I was hanging around at my parents’ house late that afternoon. The dishes had been cleared away. We were probably watching the Cowboys or the Vikings or the Raiders on TV. The phone rang and it was for me. Maria was on the line!
Maybe I’ll devote a separate post to Maria. A beautiful Chilean who was one class under me at high school. She’s the first girl I ever fell in love with and the first one who broke my heart. By this time, we had gotten past that and were merely good friends bonded by our love of music. Maria had heard about a show going down that evening at a club called My Father’s Place. “There’s this new band playing, Fishbone, you gotta check them out!”
I initially felt a little guilty about splitting on Thanksgiving, but my parents were cool with it. So off we went. I can’t recall driving the 20 miles to the club, maybe it was me, maybe Maria, maybe we were two in a carload of people. Like I said, it’s all a bit foggy.
The music, though. I’d never heard anything like it.
Oh well oh well oh well I wish I had a joint …
… sang ringleader Angelo Moore toward the end of the song and I’m pretty sure someone standing in front of the stage passed him a lit doobie.
Fishbone was so, so tight. So explosive. So much fun. Talk about giving thanks! Thank you, Maria, for thinking of me that day and introducing me to this one-in-a-million band.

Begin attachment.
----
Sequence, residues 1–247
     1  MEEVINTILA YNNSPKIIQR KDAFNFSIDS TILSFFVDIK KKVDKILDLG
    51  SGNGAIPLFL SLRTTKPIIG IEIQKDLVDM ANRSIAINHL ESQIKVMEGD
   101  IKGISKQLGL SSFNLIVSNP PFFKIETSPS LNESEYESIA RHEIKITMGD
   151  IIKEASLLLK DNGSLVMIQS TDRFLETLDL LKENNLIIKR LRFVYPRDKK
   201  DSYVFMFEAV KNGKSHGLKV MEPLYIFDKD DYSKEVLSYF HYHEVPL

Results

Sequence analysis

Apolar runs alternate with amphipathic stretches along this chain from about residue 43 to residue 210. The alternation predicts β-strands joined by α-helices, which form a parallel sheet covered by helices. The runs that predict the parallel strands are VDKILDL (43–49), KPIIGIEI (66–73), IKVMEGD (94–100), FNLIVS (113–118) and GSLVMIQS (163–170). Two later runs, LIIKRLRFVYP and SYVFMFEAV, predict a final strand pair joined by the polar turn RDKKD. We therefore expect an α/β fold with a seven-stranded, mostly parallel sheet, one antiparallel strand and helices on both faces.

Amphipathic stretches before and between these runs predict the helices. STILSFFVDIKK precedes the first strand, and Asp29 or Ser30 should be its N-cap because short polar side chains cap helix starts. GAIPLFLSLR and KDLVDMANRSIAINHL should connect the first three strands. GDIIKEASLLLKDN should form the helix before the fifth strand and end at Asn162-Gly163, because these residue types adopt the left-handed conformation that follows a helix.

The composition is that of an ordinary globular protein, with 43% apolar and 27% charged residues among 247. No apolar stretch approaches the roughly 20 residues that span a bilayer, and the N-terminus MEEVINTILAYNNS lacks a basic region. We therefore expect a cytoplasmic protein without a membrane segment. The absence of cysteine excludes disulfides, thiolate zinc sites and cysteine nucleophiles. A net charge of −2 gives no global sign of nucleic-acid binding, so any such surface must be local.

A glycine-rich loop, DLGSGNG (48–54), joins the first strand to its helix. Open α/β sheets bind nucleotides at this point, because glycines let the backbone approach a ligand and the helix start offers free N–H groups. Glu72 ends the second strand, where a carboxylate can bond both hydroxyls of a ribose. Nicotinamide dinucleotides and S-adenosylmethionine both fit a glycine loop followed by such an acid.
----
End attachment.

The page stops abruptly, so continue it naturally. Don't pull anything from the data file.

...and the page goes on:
Let’s raise a glass to music, friendship and family. They were all there that day.
The term “imperial” when attached to an IPA connotes more of everything. Heavy on the hops, high in alcohol. Kind of fits the Thanksgiving theme, when we indulge and tend to go overboard on the food and drink.
As its name suggests, Sierra Nevada’s Fantastic Haze is a cloudy, nearly opaque brew, tannish in color. It says hello with a strong citrus-laced aroma. The airy head dissipates quickly. It’s piney and quite bitter on the tongue, and though I’m enjoying the subtle melony flavors, overall this IPA is a little dry for my tastes.
But who’s complaining? My partners at Bierlager have been supplying me with liquid refreshment – really good beer – since last February. They’ve put the fuel in the tank, so to speak, allowing me to take the Listening Party out for a spin roughly once a week. So, yes, I’m thankful for that, too.
When you read these lines I’ll be in New York. I was up surfing the Internet last night, looking for breweries along the upstate route I’ll be driving. Isn’t it amazing what’s happened the past 20 years or so? There are tiny craft brewers everywhere! I don’t know where to start.
Family comes first, of course. I’ve got ten days stateside and have to make the most of it. But I’ll sample at least a couple of native beers for sure.
One day you, me, all of us will have to let all of it go. The beer, the music, the food and the baseball, the Converse sneakers and Pop Tarts, the time we spend with friends and family. This week, we give thanks for all of that. That’s a good thing.
It’s somewhat of a stretch, but I’ll let Fishbone’s “Give It Up” – a song about a future in which we transcend divisions – say the rest.
I’ll be back soon with more blues and brews. Bye.
* * *
The Who Is Blues Listening Party is powered by Bierlager, one of Germany’s finest addresses for premium craft beer.